Andrus went on to become the longest serving governor in Idaho history and arguably one of the most popular and successful.
One other truly promising Idaho political career cut short by an airplane accident was that of State Sen. Terry Reilly of Nampa. Reilly, a big, strapping, handsome, well-spoken Irishman was also the rarest of Idaho Democrats – a Canyon County Democrat. Reilly was seen as a credible statewide candidate for Lt. Governor in 1986, when a plane he was a passenger in went down on a flight from northern Idaho to Idaho Falls in April of that election year. The pilot of that plane was another Democratic wanabee Pete Busch who had lost to McClure in the 1984 Senate race and in ’86 was seeking the 1st District Congressional seat.
I have a distinct memory of getting the news that the Busch-Reilly flight was badly overdue at the traditional Truman Day dinner in Idaho Falls. The dinner is a must-appearance for a statewide candidate and both men had been scheduled to speak. I still remember the gasp in the crowd when it was announced that the plane was overdue and missing.
Then-State Treasurer Marjorie Ruth Moon, a well-known fixture in Idaho politics for years, eventually carried the Democratic standard in the ’86 Lieutenant Governor contest. Moon narrowly lost that year to a fellow named C.L. “Butch” Otter who went on to serve Idaho’s longest tenure in the No. 2 job, win three terms in Congress and the governorship in 2006.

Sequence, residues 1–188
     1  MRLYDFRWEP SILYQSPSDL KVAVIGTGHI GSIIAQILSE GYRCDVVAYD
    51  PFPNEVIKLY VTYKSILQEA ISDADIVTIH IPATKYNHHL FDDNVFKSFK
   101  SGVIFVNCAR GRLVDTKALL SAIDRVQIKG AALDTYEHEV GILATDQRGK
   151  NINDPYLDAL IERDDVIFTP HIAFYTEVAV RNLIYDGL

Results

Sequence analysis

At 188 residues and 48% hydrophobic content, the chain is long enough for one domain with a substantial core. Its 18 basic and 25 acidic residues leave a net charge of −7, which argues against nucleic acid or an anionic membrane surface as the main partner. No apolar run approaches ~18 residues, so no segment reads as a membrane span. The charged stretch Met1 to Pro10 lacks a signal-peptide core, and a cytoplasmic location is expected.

Otter is seeking re-election in November and its is pure, blind conjecture to speculate how his, or the state’s, political history might have been different had Reilly lived, won the Democratic primary 24 years ago and taken the now-governor on in the general election. Had that match-up occurred it would have featured two engaging, charming, talented retail politicians each with a base in the state’s second largest county.
A legacy of Terry Reilly’s too young life taken way too soon lives on in Terry Reilly Health Services, a network of non-profit medical clinics for low income Idahoans. Reilly started the well-respected clinics after his early days teaching English to Hispanic kids had convinced him that often the youngsters needed health and nutrition help side-by-side with language skills.
It has been said – and correctly so – that the great unknown in politics is timing. Fate and tragedy can certainly influence timing. That has clearly been the case when it comes to politicians and airplanes in Idaho and Alaska.
Some politicians, even very successful ones, develop over time a certain air of invincibility. They tend to think they can – indeed must – press ahead against the odds, even against nature sometimes. But it is only an illusion.